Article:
Sometimes, since I started running, people say to me, “I don’t like to run outside because I think people are watching me and thinking how slow I am, or how I don’t look like a runner.”

This is, of course, ridiculous. Non-runners have no business deciding who looks like a runner and really have no idea how fast you are going. Runners are usually just jealous that you are running and they aren’t. Our ideas can have immense power over us even when they are totally inaccurate.

Veterinarians frequently suffer from something called Impostor Syndrome. This is a phenomenon that generally affects high-achieving individuals who are doing important, quality work, but are fearful of being discovered as a fraud. As a result we have trouble taking credit for our accomplishments or feeling like we deserve to be congratulated on them. We routinely perform invasive and technical surgical procedures, dispense advice that could save a life or end it, and prescribe drugs that could poison as easily as they could cure.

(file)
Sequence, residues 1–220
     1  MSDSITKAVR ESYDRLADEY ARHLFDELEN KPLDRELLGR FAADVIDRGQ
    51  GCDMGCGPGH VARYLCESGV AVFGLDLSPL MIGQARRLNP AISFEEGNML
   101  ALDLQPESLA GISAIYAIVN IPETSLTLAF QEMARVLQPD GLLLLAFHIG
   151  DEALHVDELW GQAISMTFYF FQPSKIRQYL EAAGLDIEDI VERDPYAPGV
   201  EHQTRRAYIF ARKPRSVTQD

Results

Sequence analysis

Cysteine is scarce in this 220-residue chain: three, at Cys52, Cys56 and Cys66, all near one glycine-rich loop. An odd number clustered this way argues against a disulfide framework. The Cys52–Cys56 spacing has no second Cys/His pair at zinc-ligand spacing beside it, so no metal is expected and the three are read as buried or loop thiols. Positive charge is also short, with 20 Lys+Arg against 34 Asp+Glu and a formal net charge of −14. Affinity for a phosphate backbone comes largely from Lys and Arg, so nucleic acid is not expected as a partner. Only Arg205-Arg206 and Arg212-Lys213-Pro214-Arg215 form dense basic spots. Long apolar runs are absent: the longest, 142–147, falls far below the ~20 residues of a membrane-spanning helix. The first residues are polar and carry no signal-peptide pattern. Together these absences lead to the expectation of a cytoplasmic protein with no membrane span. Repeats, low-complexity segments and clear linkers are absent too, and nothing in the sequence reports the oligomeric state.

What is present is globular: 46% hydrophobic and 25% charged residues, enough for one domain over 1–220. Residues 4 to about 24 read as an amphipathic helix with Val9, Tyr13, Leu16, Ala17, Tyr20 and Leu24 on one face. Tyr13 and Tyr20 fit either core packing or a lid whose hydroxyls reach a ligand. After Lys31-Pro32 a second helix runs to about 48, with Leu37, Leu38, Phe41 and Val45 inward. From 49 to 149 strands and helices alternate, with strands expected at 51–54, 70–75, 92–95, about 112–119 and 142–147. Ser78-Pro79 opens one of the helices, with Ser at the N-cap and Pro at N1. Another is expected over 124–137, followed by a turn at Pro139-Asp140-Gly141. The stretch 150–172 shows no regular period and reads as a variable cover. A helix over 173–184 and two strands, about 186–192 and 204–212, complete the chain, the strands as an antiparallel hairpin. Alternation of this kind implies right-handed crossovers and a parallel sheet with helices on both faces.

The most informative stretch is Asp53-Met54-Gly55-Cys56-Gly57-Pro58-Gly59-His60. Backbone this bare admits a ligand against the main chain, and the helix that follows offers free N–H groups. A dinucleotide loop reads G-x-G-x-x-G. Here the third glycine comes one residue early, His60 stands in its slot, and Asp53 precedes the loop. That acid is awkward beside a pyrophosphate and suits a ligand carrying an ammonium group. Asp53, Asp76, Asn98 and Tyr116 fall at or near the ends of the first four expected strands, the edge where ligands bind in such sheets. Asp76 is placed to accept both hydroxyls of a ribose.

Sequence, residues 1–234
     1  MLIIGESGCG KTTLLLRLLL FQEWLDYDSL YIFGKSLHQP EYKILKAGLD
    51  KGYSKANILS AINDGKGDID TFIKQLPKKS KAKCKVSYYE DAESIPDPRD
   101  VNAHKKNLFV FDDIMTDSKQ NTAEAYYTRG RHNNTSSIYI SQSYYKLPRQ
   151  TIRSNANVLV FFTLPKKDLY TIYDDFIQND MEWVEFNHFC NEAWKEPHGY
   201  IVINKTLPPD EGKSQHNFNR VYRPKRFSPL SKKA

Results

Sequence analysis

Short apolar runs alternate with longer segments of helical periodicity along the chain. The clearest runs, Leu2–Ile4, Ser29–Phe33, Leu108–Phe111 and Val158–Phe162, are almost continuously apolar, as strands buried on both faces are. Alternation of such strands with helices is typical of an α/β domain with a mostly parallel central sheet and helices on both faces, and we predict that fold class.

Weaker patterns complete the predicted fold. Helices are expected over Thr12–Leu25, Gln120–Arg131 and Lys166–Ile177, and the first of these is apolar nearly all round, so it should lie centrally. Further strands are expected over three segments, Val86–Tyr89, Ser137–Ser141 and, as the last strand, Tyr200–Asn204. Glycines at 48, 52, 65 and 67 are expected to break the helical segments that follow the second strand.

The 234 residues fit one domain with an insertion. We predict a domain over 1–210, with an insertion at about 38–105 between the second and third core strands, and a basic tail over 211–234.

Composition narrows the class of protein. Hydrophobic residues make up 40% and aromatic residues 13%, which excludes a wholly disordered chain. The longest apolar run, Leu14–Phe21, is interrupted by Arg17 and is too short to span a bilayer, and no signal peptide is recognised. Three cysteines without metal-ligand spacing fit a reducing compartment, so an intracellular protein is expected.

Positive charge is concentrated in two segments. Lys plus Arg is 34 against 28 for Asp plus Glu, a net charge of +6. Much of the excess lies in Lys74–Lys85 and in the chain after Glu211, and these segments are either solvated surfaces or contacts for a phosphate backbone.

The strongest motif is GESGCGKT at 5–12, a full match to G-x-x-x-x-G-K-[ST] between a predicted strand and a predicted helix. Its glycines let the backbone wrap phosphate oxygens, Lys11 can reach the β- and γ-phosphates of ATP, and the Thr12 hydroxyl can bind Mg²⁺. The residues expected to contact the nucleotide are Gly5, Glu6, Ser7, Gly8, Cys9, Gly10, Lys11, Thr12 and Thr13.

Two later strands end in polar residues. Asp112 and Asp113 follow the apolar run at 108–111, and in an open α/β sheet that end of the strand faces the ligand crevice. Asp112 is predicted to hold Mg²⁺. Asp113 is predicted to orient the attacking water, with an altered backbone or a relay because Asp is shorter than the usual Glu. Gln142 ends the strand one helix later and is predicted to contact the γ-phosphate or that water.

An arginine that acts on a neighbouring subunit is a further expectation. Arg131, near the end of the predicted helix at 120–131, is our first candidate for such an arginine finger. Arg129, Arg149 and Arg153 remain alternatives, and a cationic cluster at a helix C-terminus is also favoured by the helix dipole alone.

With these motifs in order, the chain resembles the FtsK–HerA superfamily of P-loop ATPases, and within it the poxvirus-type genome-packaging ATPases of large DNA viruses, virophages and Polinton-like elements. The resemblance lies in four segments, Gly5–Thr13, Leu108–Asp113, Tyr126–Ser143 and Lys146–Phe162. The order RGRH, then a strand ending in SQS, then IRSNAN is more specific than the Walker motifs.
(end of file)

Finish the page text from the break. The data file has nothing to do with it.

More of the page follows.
These are decisions we make dozens of times every day and the responsibility we assume when we make them is enormous. We feel that enormity when they go awry and are quick to blame ourselves, but when everything runs smoothly we can’t take any credit. We finish another hectic day of solving problems large and small and then it’s directly on to charts and calls. A nearly bloodless spay ends routinely with a neat row of invisible sutures and we’re off extracting a tooth on another pet without a moment’s thought. Someone sends a thank you note with a plate of cookies after we euthanize a pet and we feel a little guilty reading the note and eating the cookies – after all, we were just doing our job.

distanceSince May 2015 I have been absorbed into the world of People Who Love To Run. I never understood why people ran for fun, until one day I went out and did it, and then kept doing it. Today I cannot imagine a life without the feeling of reaching out and pulling the road underneath me, one meter at a time. I rarely run with headphones now, preferring to fall into the rhythm of breathe in-step-step-breathe out and the soft sound of one small person moving through the atmosphere with no intention other than to disturb it as little as possible on the way from here to there. Running has become my church, my therapist, and my proof that even when the forced achievements of childhood are long behind you, it is OK to set new, seemingly impossible goals and just start aiming straight for them, head up, wings out, no limits.